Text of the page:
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Winter Squash Sourdough Boules #BreadBakers


BreadBakers#BreadBakers is a group of bread loving bakers who get together once a month to bake bread with a common ingredient or theme. You can see all our of lovely bread by following our Pinterest board right here. Links are also updated after each event on the Bread Bakers home page

We take turns hosting each month and choosing the theme/ingredient. If you are a food blogger and would like to join us, just send an email with your blog URL to Stacy at

This month’s event is hosted by Wendy of A Day in the Life on the Farm. She asked us to celebrate the harvest with breads this month. Here's the #BreadBakers' harvest bread basket...

Winter Squash

Though Autumn and Winter produce isn't as bountiful or colorful as Spring and Summer fruits and veggies, I love when pumpkin season rolls around; when I write 'pumpkin' I am using that term loosely. Very loosely. I just mean any winter squash. 

You slice them in half, scoop out the seeds, and create a puree as I did with my Roasted Red Kuri Squash. This bread recipe used 2 Tablespoons of puree to give the boule a warm orange color which I also enhance with a bit of ground turmeric.

Ingredients makes 4 mini boules
  • 200 grams sourdough starter
  • 2 Tablespoons winter squash puree
  • 600 grams warm water + 50 grams warm water
  • 900 grams all-purpose flour + more as needed
  • 130 grams rye flour
  • 20 grams salt
  • 1 teaspoon ground turmeric
  • rice flour for sprinkling in Dutch oven
  • Also needed: banneton proofing baskets or bowls lined with floured tea towels, Dutch ovens, 100% cotton twine for tying and getting the 'pumpkin' shape', cinnamon sticks for 'stem'


Place 200 grams of starter and 2 Tablespoons squash puree in the bottom of a large mixing bowl. Pour in 600 grams warm water. Add in the flours and ground turmeric. Use your hands to blend everything together so that all of the flour is moistened. Let stand for 30 minutes.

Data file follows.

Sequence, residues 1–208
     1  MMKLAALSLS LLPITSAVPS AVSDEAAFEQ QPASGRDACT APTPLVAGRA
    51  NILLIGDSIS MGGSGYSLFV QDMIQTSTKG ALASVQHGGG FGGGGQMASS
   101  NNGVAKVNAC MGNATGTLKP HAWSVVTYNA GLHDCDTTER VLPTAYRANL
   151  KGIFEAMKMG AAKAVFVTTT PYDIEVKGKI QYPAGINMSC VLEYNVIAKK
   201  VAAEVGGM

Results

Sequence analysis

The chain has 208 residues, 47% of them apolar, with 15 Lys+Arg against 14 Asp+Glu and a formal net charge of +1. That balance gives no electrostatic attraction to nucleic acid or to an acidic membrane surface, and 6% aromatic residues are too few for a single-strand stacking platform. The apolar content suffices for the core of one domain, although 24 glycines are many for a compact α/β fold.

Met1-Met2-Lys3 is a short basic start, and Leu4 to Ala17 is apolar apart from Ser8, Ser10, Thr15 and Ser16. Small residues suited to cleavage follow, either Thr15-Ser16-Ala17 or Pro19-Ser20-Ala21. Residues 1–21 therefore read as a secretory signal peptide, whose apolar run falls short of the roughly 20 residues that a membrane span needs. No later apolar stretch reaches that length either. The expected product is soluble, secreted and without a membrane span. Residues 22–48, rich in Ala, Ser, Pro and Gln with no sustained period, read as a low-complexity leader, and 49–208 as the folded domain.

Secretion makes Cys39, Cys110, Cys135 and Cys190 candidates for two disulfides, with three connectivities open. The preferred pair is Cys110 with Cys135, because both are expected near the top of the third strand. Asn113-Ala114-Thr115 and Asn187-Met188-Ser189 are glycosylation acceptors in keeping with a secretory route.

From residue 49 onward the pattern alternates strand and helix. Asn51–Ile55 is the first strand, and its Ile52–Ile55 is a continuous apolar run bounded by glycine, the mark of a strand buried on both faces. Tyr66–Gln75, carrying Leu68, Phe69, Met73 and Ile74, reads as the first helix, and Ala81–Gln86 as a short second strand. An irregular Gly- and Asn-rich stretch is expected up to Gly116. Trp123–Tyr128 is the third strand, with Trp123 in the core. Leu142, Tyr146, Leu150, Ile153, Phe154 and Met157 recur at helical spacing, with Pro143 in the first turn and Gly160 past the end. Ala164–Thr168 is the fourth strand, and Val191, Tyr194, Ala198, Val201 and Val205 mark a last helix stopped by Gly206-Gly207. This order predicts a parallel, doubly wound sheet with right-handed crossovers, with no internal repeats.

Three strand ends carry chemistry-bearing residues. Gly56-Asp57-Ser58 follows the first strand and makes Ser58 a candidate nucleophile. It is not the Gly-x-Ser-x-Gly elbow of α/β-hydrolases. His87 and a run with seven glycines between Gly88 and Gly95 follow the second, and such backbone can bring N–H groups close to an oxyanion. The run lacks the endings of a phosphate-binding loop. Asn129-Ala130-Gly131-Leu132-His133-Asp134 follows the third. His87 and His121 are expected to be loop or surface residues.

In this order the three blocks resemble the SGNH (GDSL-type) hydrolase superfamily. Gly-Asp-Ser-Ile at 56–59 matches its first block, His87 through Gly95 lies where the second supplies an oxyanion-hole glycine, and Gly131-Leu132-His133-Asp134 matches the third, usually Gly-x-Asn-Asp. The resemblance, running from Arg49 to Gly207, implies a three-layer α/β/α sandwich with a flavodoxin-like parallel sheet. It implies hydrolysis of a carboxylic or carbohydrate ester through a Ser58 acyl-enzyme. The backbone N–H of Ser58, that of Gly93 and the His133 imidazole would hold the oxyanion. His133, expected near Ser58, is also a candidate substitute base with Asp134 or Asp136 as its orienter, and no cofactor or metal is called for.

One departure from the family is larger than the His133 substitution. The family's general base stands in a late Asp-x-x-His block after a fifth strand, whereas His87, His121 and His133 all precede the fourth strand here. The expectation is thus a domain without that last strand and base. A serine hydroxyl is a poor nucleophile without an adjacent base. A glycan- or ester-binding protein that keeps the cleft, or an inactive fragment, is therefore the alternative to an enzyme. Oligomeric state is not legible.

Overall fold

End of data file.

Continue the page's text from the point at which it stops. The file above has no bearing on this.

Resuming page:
Pour in another 50 grams warm water, sprinkle in the 20 grams of salt, and gently knead the dough until the water is completely absorbed.

Now start the folds: rotating 90 degrees four times every thirty minutes for 4 hours.

Run your hand under warm water, grab one side of the dough and pull from underneath, folding it over the top of the ball. Rotate the bowl 90 degrees and repeat. Rotate. Repeat. And a fourth time so that the bowl has completed a full circle.

By the end of the 4 hours, the dough should be billowy and increased in volume. Note: if the weather is getting colder, it make take longer than 4 hours. Just be patient.

Lightly flour a workspace and use a dough scraper to divide the dough ball into quarters. Transfer the dough balls to the work surface. Lightly flour the banneton or towel-lined bowl.

Now repeat the folds, but with dry hands to shape the boules while creating tension in the top. Keep the floured side of the ball down and fold from top to bottom four times while rotating the dough. This keeps the sticky side inside. 

Flip the ball over and work the dough into a tight round. Let stand for 15 minutes. Repeat three times.

After the third shaping, place the dough ball, rounded side up, in the floured banneton.

Place boules in the fridge for 24 to 72 hours to proof.

When you are ready to bake, preheat the oven to 500 degrees Fahrenheit. Place the empty Dutch ovens (bottoms only) into the oven. When the oven reaches temperature - an in-oven thermometer is very, very helpful - let the oven stay at 500 degrees for at least 30 minutes. In the meantime, tie your boules to look like winter squash.

Remove the Dutch ovens and reduce the oven temperature to 450 degrees Fahrenheit. Lightly flour the inside of the ovens with a sprinkling of rice flour. Gently pull the dough away from the sides of the banneton and invert into the Dutch oven.

Place the lid on the Dutch oven and return the pots carefully to the hot oven. Bake for 30 minutes.

After 35 minutes, carefully remove the lid and return the pots to the oven again. Bake for an additional 6 to 8 minutes, depending on how browned you like your crust.

The loaves should be firm and crunchy on the top, golden brown, and feel hollow when the bottom is tapped. Move the loaves to a wire rack and let cool for at least an hour before slicing! Enjoy.

That's a wrap on my November #BreadBakers' offering. We'll be back next month with more breads to inspire you. Stay tuned.


  1. Those have got to be some of the cutest loaves I've ever seen! Love, love, love that you shaped them like little pumpkins!

  2. Very cute little loaves! Love that they look like little pumpkins.

  3. I love how these turn out, even with the extra work, so cute! Lol, sometimes a challenge to pull that string out of the deeper cracks!

  4. They look so good, I have made a pumpkin sourdough last year, need to make it again. I love your recipe and the way you have shaped it


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